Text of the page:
Paperback: 502 pages
Publisher: Jones & Bartlett Learning; 1 edition (October 25, 2008)
Product Dimensions: 6.1 x 1.1 x 9.2 inches
Shipping Weight: 1.4 pounds (View shipping rates and policies)
Average Customer Review: 4.9 out of 5 stars See all reviews (13 customer reviews)
Best Sellers Rank: #1,373,611 in Books (See Top 100 in Books) #16 in Books > Computers & Technology > Programming > Graphics & Multimedia > DirectX #1012 in Books > Computers & Technology > Games & Strategy Guides > Game Programming #1688 in Books > Textbooks > Computer Science > Graphics & Visualization
As the title says, this book is an excellent introduction to Direct X 10 programming.If you are new to DirectX programming, this book is pretty much what you should start with. I have tried several others, but Frank's books seem to still be the best and this third incarnation is no different.With this in mind, there are some necessary pre-requisites before you read this book.First, you should have some prior knowledge in matrix algebra. Frank does dedicate a section to this, but you definitely should have taken a course prior.Secondly, you must be familiar with basic C++ concepts. If you are unfamiliar with classes, structures and pointers this book is not for you. Get a good book on C++ programming before hand. Finally, although it is not strictly necessary, you should have some knowledge in WIN32 programming.This is definitely a good beginner book, and I highly recommend it.
While I am only halfway through this book, I must say it is superb. I had no previous knowledge on DirectX and it is being a great introduction. The text is clear, the code is neat, and the examples at the end of every chapter are complete and entertaining. What I like the most is the author's verbosity on the maths; he explains how and why everything works, from projection matrices to lighting calculations. This provides a better understanding of the subject and makes coding easier afterward. For those not too used to vector and matrix algebra, the introductory chapters cover just that. Also, even though Win32 programming knowledge is assumed, the author has included a brief tutorial in appendix A which covers the topics he touches during the first chapters.Another aspect to point out is the way the chapters are laid out. Every chapter so far starts off by shooting you with some theory and providing ad-hoc code snippets. This gives you the chance to put everything together yourself and then compare your work with the author's. In my opinion this is the best approach the author could have taken. By the way, the author's code actually works, so you won't have to spend any time reverse engineering faulty sample code.In conclusion, this is a must read for anyone getting started on dx10!
Frank D. Luna's Direct3D books have been the standard ever since the release of his first in 2003. While his second book was a fairly extensive rewrite focusing on the introduction of shaders, The DirectX 10 book is a fairly direct translation of the DirectX 9 shader approach book. While there is not a great amount of new content focusing on new shader effects, this book does a great job of translating the material to DirectX 10. The geometry shader chapters do provide new content and explains the topics well. The one disappointment is in the removal of some chapters from the last book. There are several that are missing that would provide more value and I do not understand their being missing. While DirectX has been updated to version 11, the DirectX 10 feature set still provides a good basis for DirectX 11. When Luna releases the update for DirectX 11 it will undoubtedly be of the same quality as his previous works.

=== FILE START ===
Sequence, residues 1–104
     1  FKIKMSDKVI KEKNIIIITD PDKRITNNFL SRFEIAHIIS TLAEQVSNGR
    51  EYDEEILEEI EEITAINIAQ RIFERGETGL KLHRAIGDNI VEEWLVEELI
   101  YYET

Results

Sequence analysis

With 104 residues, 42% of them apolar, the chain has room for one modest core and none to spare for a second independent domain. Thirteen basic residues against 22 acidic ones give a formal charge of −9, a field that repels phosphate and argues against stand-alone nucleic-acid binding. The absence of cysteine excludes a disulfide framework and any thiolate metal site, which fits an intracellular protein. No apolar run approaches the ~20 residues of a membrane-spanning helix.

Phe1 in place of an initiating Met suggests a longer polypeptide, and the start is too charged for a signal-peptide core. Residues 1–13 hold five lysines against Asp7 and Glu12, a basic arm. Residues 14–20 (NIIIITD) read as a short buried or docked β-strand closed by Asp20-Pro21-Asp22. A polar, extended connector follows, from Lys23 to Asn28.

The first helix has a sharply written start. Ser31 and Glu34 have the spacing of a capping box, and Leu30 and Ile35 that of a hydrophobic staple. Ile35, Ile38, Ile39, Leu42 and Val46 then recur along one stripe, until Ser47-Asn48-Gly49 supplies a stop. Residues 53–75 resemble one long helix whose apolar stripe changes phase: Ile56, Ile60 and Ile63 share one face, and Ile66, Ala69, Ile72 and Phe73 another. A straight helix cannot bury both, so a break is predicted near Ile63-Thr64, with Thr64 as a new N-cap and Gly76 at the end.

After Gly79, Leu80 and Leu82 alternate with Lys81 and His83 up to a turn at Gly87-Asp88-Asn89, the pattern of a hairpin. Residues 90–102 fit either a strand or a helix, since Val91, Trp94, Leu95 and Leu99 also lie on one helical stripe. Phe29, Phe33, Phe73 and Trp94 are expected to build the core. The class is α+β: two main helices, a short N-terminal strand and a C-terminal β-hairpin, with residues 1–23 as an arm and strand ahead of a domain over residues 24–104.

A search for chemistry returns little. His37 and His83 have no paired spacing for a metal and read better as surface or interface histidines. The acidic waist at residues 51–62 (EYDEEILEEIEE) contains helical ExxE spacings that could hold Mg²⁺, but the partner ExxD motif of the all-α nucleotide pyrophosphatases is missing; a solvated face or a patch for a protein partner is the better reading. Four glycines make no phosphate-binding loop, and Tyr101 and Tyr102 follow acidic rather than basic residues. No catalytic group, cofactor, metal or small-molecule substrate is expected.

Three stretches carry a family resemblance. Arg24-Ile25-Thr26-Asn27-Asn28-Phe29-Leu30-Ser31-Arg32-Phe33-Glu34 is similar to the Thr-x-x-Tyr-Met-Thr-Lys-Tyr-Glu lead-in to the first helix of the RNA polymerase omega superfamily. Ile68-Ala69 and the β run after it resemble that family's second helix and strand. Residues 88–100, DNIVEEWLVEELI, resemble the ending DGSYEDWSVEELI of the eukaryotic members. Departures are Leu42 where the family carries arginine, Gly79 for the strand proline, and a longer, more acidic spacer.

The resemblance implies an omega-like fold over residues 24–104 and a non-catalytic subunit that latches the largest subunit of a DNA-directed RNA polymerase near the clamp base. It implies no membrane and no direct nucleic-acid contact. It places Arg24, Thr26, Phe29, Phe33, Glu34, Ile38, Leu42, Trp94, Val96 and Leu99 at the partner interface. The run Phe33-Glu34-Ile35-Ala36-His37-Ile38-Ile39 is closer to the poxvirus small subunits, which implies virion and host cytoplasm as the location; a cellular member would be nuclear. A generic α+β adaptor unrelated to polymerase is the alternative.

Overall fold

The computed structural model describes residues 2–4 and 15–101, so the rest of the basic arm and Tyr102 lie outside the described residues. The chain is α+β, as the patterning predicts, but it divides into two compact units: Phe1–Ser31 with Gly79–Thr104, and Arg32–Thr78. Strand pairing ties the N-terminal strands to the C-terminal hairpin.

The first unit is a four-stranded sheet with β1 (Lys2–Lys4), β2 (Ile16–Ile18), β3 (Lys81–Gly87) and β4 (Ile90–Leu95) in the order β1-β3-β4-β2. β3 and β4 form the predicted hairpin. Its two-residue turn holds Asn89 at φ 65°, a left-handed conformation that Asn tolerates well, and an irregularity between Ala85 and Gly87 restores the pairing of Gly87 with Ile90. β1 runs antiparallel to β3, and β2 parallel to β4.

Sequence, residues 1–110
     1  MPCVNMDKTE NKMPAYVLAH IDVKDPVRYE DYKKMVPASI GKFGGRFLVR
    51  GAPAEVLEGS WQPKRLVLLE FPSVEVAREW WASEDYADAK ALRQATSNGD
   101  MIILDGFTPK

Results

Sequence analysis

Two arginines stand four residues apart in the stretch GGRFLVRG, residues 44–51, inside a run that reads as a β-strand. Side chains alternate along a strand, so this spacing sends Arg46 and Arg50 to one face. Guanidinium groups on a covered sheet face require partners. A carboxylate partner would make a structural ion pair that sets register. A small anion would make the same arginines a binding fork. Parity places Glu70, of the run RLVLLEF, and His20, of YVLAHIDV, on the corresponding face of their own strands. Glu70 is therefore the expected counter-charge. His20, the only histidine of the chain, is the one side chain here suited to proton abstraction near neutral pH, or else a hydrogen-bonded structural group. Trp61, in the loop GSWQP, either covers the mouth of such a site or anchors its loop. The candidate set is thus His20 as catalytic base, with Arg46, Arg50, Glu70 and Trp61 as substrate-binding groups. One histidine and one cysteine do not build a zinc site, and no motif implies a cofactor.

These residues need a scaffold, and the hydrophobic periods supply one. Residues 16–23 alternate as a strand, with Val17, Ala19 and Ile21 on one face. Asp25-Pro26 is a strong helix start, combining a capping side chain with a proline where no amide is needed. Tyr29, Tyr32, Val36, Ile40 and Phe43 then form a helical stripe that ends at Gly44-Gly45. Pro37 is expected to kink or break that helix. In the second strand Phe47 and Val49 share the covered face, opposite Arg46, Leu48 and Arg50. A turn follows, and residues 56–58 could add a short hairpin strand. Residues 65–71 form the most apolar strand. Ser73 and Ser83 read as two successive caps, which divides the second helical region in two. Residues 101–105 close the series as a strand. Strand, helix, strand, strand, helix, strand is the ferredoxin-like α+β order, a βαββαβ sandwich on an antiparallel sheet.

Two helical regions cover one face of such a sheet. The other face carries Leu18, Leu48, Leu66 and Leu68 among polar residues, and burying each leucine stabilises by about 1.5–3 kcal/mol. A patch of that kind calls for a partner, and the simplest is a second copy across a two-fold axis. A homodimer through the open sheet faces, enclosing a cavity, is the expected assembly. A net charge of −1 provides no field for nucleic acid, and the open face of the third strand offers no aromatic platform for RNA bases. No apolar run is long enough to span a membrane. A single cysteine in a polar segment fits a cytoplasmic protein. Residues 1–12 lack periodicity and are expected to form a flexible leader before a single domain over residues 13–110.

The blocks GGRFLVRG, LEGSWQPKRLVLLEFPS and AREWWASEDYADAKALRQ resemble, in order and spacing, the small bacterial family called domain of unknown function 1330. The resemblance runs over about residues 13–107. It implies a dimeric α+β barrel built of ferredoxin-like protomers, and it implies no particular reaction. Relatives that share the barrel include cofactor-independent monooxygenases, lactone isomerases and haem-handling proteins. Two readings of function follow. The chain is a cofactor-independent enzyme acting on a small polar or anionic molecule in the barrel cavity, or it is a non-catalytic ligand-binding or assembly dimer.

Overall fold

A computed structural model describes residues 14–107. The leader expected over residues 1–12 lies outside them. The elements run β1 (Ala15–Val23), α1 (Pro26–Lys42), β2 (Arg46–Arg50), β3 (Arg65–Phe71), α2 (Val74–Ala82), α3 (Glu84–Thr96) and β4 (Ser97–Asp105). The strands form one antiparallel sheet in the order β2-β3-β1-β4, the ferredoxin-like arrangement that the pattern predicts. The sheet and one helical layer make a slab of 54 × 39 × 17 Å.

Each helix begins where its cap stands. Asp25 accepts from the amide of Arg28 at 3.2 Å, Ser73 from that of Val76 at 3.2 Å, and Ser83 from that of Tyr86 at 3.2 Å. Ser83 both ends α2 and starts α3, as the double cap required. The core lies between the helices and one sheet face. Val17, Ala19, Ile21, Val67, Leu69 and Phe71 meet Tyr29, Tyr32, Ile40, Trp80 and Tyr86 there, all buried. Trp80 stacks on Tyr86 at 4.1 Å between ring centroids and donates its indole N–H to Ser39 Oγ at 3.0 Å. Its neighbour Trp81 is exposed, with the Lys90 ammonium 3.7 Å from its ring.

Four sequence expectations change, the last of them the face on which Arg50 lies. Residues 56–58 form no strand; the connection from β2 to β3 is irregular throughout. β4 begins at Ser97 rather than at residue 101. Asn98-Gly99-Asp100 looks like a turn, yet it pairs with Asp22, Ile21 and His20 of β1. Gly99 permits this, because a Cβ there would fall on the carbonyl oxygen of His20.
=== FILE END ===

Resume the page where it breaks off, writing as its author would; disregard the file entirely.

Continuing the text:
Most outstanding graphics programming book I had ever read. I got this book in June 2011 and after studying it in detail, was much better informed about graphics technology in general and Microsoft DirectX specifically. Frank Luna explains these topics well and his writing is superb.When I read the book, I was using technologies that were based on DirectX. Today, not so much. Regardless, the description of graphics concepts as presented by Frank Luna can provide some strong insight into graphics technology. If we could see a book from this author related to OpenGL, that may be a great next step.
Having some experience with DX9, I wanted a text that clearly explained the capabilities of DX10. I previously had purchased and used Wendy Jones' and Peter Walsh's books on DX10. I was disappointed in them because they never bothered to take on the topic of window resizing. Why?Frank Luna's latest is a welcome treat. I would have liked to have seen it sooner, but better late than never.Those readers fearful of vector and matrix arithmetic and algebra will undoubtedly stiffen up because Luna starts with these prerequisites. Such readers should try to tough it out. It will be worth it. Luna's treatment is thorough. Get through it, but with thorough understanding.I've been through Chapters 1-6, and every paragraph and example program has been worthwhile. Good work, Frank.
From previous attempts to learn DirectX, I was fed up with the API and convinced that OpenGl was far superior. But...This book is great. It made me realize how powerful DirectX and DirectX shader technology is, despite Microsoft's tendency to write old school complex C-style API's. The author shows a different way of thinking about the API, and how to encapsulate the complexity in C++, yet maintain the possibility of exposing the ultimate flexibility underlying.The sequence of topics is great, and very aggressive. The example code is very useful. This text is not watered down at all, and you will learn everything you need to know to understand all of the Microsoft SDK examples, and to start building your own shaders.And yet it reads like an easy introductory text.Nicely done!!